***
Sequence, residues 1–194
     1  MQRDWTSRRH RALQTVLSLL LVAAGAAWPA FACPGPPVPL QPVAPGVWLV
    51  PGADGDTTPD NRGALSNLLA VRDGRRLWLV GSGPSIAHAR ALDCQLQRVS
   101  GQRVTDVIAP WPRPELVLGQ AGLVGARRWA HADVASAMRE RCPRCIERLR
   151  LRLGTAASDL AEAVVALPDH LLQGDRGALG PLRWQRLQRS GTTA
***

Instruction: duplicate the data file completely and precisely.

Sequence, residues 1–194
     1  MQRDWTSRRH RALQTVLSLL LVAAGAAWPA FACPGPPVPL QPVAPGVWLV
    51  PGADGDTTPD NRGALSNLLA VRDGRRLWLV GSGPSIAHAR ALDCQLQRVS
   101  GQRVTDVIAP WPRPELVLGQ AGLVGARRWA HADVASAMRE RCPRCIERLR
   151  LRLGTAASDL AEAVVALPDH LLQGDRGALG PLRWQRLQRS GTTA